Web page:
The Gospels in most standard Bibles – Matthew, Mark, Luke and John – talk a great deal about the birth, ministry, death and resurrection of Jesus Christ. But there are about thirty years of his life missing from those narratives. A question asked by many (including myself) is: what happened during those thirty years? How did they help shape the Son of God’s ministry? Christopher Moore, an author and humorist I’d rank with Douglas Adams and Terry Pratchett, attempts to answer that question with Lamb: The Gospel According to Biff, Christ’s Childhood Pal.
Levi bar Adelphus, who is called Biff, is raised from the dead by the archangel Raziel to write a new Gospel. Kept under house arrest – or rather hotel arrest, as they’re staying at a Hyatt in St. Louis – until he finishes, Biff sets his mind on the task of recounting his journeys with his best friend, Yeshua bar Jehovah of Nazareth. Josh & Biff both work for Biff’s father as boys, and take turns courting the irrepressible Mary of Magdala – Maggie, for short. When an angel appears to Josh and tells him he needs to find his destiny, the two embark on a journey across the continent in search of answers.
In addition to making an attempt at shedding light on one of the most influential men in history, Lamb also takes a fascinating look at some of the other faiths and philosophies in the world, such as the teachings of Confucius, the tenants of Buddhism and some of Hinduism’s darker sides. There are a pile of references to everything from the world being round to evolution, and a great deal of it is done with tongue firmly planted in cheek. I don’t know if I’ve ever even heard of an elephant doing yoga before I read this book.
This is a very funny book. If you’re reading it in public, especially in a library or a study hall, you are very likely to disturb others. I lost track of the number of times I burst out laughing reading it. As I said, Christopher Moore’s work is of a high caliber of satire and humor. This was my first time reading one of his books, and I know I’ll be reading more after this. I also know I’ll be reading Lamb again because, as a Christian, I’ll admit I got a great deal out of it.
I know there are people out there who consider any reference to Christ in literature outside of the Bible to be blasphemous or false or something like that. They might think that portraying Him in any way other than fearful reverence dilutes the power of His message. Christopher Moore proves thoroughly and completely that this is not the case. The notion is that a divine and omnipotent intelligence alien to our own responsible for the creation of the universe incarnated as a normal human child to experience the range and depth of the human experience without the bias of an omniscient point of view. Lamb shows the confusion, determination, delight and humanity of Joshua, treating him with respect throughout the work. His desire for understanding and compassion is balanced very well against Biff, who acts as a sarcastic and realist foil for the Messiah. It could be said that Biff shows us what it’s really like to have a “personal relationship” with Christ, in that sometimes Biff gets smacked a bit hard, and sometimes Biff yells at Josh for one reason or another. It’s a friendship, a very deep and human bond, and I think this review is going a bit more serious than I intended so here’s a picture of a bunny.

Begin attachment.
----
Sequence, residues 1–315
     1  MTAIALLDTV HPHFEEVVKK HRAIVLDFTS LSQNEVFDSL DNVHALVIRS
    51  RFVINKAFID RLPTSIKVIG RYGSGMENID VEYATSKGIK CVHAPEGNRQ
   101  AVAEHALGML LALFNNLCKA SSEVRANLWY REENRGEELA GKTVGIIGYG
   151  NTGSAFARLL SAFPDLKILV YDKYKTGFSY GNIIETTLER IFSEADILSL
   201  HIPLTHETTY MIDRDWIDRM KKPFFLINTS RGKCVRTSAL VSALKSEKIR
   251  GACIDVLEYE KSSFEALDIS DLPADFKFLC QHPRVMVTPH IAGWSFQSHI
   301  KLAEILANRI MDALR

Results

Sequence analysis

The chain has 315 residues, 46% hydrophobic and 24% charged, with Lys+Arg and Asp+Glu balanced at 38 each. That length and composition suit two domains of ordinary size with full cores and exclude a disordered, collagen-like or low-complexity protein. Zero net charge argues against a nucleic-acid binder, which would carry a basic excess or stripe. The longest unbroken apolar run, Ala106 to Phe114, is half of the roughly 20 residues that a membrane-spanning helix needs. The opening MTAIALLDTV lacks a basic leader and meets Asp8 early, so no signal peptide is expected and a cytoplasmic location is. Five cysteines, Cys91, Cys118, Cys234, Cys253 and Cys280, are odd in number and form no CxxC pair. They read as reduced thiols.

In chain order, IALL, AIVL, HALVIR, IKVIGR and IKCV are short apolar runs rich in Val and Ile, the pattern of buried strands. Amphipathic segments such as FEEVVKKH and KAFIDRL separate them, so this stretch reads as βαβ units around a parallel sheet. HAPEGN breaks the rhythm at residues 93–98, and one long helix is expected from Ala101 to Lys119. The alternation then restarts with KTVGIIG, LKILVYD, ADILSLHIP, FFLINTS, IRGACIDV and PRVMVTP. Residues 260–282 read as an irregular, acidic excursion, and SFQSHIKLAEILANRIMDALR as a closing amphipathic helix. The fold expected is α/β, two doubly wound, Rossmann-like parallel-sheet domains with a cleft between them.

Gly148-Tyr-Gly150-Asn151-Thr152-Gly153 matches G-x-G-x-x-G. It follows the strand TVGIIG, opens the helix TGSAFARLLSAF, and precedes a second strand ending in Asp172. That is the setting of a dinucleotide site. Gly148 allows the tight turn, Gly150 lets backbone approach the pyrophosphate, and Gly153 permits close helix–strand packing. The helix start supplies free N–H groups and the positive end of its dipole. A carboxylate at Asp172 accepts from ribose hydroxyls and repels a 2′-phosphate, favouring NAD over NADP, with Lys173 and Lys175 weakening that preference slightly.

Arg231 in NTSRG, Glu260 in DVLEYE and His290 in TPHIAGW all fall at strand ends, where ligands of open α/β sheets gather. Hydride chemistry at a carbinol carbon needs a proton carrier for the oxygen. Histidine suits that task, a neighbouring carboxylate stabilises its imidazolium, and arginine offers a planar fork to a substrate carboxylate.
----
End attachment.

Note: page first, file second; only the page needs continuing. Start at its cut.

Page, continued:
Apparently Josh liked bunnies. Anyway, Lamb is a great book, on many levels. It’s funny, interesting, powerful and tender. It never disrespects its source material, has a lot of good research behind it and just tries to answer a few questions that might nag anybody who looks on the life of Christ with their brain engaged. Questions like “What was Jesus like as a young man?” and “What if Jesus knew kung fu?”